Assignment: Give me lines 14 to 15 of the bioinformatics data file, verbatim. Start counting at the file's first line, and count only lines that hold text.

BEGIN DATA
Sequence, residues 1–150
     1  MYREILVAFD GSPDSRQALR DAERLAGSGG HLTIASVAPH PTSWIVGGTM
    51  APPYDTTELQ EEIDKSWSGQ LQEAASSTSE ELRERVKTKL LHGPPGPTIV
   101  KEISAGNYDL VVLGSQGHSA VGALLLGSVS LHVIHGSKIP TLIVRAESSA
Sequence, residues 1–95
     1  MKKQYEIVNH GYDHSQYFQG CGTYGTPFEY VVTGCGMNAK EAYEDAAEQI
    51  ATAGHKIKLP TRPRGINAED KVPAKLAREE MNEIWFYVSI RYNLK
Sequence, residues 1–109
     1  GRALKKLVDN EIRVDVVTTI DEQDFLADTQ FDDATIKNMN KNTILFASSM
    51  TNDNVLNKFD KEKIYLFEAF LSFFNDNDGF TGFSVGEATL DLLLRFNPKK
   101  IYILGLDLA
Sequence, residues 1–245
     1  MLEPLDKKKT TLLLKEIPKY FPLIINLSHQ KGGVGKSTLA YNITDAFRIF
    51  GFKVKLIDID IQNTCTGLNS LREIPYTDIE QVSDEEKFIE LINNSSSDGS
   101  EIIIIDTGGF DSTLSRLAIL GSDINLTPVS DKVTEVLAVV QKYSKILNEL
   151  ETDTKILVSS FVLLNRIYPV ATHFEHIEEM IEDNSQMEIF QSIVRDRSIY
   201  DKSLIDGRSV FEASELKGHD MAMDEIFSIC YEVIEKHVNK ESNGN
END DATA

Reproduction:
    51  GFKVKLIDID IQNTCTGLNS LREIPYTDIE QVSDEEKFIE LINNSSSDGS
   101  EIIIIDTGGF DSTLSRLAIL GSDINLTPVS DKVTEVLAVV QKYSKILNEL